By Dylan Deprey
Following the murder of Trayvon Martin in 2012, three Black queer women banded together to launch Black Lives Matter. While some call Black Lives Matter the next civil rights movement of this generation, others have a drastically different opinion.
To further the ongoing discussion, Dr. David Pate, Jr. and his class at the University of Wisconsin-Milwaukee invited the campus community to a one day art exploration with, “A Seat at The Table: A Black Lives Matter Multimedia Art Exhibit” on May 3.
Over the past semester, UWM students enrolled in the course, “Race in America: Reconciliation and Reconsideration” have discussed topics including police brutality, environmental racism and the powerful role art and media plays in social justice movements.
Last year, Dr. Pate taught an honors class focused on BLM. This year it was open to all students with a broader scope of influences in America.
“We tended to lean more toward the idea of ‘what does BLM mean?’ and looked at it through a lens of policy,” Pate said. “What does the data say? What do the numbers say? How do I actually hear what the academic voices are saying about this particular movement, but also just about peoples’ lives who are black and brown in a historical context.”
He added that topics addressed in the class included: social construction of race, black feminist thoughts, mass incarceration, rise of the alt-right and environmental issues.
From video projects and painted canvases to spoken word poetry and photography, students showcased their projects in a gallery-style event in the UWM Union’s Wisconsin Room.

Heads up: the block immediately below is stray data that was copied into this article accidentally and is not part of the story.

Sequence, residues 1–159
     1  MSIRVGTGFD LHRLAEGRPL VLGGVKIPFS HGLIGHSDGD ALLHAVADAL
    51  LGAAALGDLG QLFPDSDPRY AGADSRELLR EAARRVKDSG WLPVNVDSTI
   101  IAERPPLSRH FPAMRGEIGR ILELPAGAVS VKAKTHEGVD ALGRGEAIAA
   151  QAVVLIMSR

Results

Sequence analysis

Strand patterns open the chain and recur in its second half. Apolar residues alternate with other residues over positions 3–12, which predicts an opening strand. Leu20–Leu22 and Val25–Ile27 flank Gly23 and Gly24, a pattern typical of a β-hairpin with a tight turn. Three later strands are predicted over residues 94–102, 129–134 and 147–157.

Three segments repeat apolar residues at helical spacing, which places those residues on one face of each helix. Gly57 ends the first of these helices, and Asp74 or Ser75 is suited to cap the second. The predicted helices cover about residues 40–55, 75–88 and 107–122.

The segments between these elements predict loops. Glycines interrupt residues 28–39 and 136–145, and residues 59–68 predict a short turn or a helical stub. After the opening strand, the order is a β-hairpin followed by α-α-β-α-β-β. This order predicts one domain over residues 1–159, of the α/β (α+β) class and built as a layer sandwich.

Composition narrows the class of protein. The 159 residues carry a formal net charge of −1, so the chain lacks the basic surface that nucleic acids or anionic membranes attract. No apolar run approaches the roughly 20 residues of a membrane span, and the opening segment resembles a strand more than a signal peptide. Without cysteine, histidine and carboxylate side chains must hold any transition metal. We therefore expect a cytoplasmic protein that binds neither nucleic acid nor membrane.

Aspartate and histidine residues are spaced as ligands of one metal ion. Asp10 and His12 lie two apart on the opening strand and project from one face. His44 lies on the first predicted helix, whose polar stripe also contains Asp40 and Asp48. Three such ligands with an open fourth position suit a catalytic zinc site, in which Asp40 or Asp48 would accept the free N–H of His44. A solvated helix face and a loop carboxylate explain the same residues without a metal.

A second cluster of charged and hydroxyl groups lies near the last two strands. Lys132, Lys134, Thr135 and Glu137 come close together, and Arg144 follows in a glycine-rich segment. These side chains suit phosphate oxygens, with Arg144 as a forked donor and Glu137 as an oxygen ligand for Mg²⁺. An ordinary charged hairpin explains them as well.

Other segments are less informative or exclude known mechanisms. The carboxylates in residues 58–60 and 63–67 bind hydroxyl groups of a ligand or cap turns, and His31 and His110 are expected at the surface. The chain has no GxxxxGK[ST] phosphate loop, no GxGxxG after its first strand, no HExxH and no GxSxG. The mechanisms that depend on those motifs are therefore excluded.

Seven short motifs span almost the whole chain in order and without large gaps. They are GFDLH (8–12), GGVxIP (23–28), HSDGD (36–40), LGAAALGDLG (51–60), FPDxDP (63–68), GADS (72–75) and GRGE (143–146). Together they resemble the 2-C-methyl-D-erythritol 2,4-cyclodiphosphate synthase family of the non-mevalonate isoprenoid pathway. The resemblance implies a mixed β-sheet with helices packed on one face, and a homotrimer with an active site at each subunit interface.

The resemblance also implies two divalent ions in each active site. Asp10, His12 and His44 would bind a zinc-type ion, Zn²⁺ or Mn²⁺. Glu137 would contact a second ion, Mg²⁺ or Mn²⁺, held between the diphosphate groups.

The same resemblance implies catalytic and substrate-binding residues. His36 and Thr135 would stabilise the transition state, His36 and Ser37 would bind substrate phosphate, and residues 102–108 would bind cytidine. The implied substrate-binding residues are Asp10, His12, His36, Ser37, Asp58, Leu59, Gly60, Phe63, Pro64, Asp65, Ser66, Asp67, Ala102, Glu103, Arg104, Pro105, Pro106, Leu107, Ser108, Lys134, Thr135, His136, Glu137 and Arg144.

Luciano Rogers showcased his poem, I Wanna B White, on canvas. Words like hate, fear and slavery were splattered in red to represent the pain of oppressed people. Words in blue like equality, housing, freedom, rights and opportunity represented a neutral tone for all things the black community have fought for.
Rogers said he had some people ask if the title of his poem literally, he was simply sharing his thoughts and feelings as a gay black male in the United States. He recorded himself performing the piece so people could follow along with the canvases.
“It just came together so easy, just writing it out because you’re living it daily,” Rogers said.
Miela Fetaw, UWM senior, created “Between the World and Black Women,” a multimedia video project that discussed Black Womanhood. She said this class was something she had been waiting for her entire college career.
“I was hoping for the first time in my college experience, although I’ve been here for four years, that I could be in a classroom with people that looked like me, and I didn’t have to explain my blackness for once,” Fetaw said.
“It challenged the way I thought as a black woman, but it also challenged the way my white peers thought also,” Fetaw said.
Amanda Jay Asbel and Rachel Brown, UWM Juniors, showcased their project, Black Lives Matter: Truth vs Misconception. An array of photographs showcased headless portraits of people holding a piece of paper with their opinion of BLM written in sharpie.
“At times, it was a little disappointing,” Asbel said.
They asked professors, students and friends to give their opinion on the movement and they got a spectrum of answers, from “#transblacklivesmatter” and “Justice” to “A bunch a bullshit” and “rowdy cop haters.”
“We wanted to show people that the narrative is changing the way people see other human beings,” Brown said.
Both Brown and Asbel said that it was especially eye-opening being white women taking the class.
“You feel like you’re woke, but then you sit in the class and you’re like holy shit I had no idea,” Brown said. “It’s really eye opening and emotional, and it’s hard to know that everything we’ve learned and know about history and about society is a white washed lie.
It was a hard pill to swallow, but this class is a great environment and feels safe to discuss really hard things.”